Sarah Pannell is an Australian documentary photographer with a case of wanderlust. Schooled in international relations, Sarah first picked up a camera while studying in the Netherlands. The urge to explore never left—since 2008, Sarah’s kept off the beaten track to capture the strange, humorous and poetic. She shares this series of wild blues and solitude, shot while journeying through the Balkan Peninsula.
“I generally travel alone, and this time I was drawn to the Balkans through a friend of mine who had spent a lot of time doing research in the region for her Masters. In my eyes, she’s a bit of an expert, particularly on Bosnia and Serbia, and she had shared some fascinating stories that sparked my curiosity and interest in learning about the history of former Yugoslavia. After doing some research and attempting to educate myself about a deeply complex political, religious and social situation, I decided I really needed to go there for myself. Since I feel it’s a rather misunderstood part of Europe, I wanted to come back with images that challenge people’s perception of the Balkans.
I wanted to see what had changed since the war-torn era of the early ’90s and how these countries were growing as independent nations. That’s not necessarily what my images set out to explore—as an outsider travelling through these countries, I felt it was important to have an open perspective. It was interesting travelling through border crossings between countries that just two decades ago were one. I had no real expectations of what would come from these travels.
With only a day or two in Bulgaria, I captured this [image, above] while walking around the capital Sofia. Though a city without the best reputation, it still offered notable moments; and as I passed through one of the subway stations in the middle of the day, this advertisement stood out against the backdrop of the deserted city.
Bled is a small town surrounded by rather picturesque countryside of lush green fields and seemingly never-ending mountain ranges on the Austrian border. It took me longer than I would like to admit to work out what the red line through the road signs mean in this part of Europe. It became evident one morning when I walked to another nearby town and passed by this sign!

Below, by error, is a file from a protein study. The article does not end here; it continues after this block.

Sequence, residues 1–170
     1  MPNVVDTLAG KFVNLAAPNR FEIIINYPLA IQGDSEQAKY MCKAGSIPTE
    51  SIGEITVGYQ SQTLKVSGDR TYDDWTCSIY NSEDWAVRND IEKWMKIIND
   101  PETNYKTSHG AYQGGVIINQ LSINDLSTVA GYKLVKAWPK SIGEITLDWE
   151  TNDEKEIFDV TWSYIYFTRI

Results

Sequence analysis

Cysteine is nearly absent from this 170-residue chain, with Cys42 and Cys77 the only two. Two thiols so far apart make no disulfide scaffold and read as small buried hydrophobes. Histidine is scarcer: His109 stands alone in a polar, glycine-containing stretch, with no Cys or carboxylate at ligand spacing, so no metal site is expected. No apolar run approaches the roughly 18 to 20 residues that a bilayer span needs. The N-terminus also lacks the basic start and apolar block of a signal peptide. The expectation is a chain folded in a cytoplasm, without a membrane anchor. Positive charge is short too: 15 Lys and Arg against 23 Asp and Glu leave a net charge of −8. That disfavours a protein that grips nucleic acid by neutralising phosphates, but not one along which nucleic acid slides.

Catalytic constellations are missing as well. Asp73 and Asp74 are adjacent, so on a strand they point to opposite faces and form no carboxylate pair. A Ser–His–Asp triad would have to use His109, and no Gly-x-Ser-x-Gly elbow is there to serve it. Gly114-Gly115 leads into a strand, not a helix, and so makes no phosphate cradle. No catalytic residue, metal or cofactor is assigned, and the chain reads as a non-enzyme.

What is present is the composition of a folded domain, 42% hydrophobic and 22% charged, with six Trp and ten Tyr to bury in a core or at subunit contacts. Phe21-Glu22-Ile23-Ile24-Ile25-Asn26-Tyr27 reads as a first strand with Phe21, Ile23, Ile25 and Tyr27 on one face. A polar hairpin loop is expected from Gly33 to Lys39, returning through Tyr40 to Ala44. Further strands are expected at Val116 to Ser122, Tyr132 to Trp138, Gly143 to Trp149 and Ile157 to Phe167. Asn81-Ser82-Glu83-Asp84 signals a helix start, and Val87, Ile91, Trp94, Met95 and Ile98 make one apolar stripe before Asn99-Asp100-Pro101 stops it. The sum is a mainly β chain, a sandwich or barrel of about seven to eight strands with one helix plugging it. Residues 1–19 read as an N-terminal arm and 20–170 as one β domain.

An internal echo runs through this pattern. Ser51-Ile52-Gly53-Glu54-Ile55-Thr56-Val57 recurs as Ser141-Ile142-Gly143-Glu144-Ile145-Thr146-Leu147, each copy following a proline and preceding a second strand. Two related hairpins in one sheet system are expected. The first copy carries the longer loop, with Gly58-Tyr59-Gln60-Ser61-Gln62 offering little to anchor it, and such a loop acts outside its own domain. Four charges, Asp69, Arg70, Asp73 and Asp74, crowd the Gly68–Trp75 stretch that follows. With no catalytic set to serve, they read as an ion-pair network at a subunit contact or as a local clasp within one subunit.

I was with Billie, a fellow traveller I met in Belgrade. We ended up in Montenegro together and while out one night, we met three Brits and decided we would all hire a car the next day to drive down to some beaches in the south. In the morning before we went coastal, we drove up a long winding road to Mount Lovcen, an incredible peak that looks out over Kotor Bay. From here, you can see all the way to Serbia, Macedonia and Bosnia. This little village was tucked away in the mountains on the way up. While there are fascinating cities such as Sarajevo, Belgrade and Ljubljana, the real charm of this region is in the countryside and the slower way of life in the rural and small coastal areas. Where do I look for inspiration? I’m driven by new experiences and the prospect of seeing new things and meeting new people who can help broaden my perspective of the world”.
In early 2015, as part of Photobook Melbourne Festival, Sarah exhibited ‘East of the Euphrates’ in Melbourne, her first solo show, which explored Turkey’s southern Kurdish region. To coincide with the show, she released her first solo self-published title, ‘Şehir’, documenting the transition occurring throughout Istanbul’s central neighbourhoods. Sarah is currently based in Melbourne, Australia.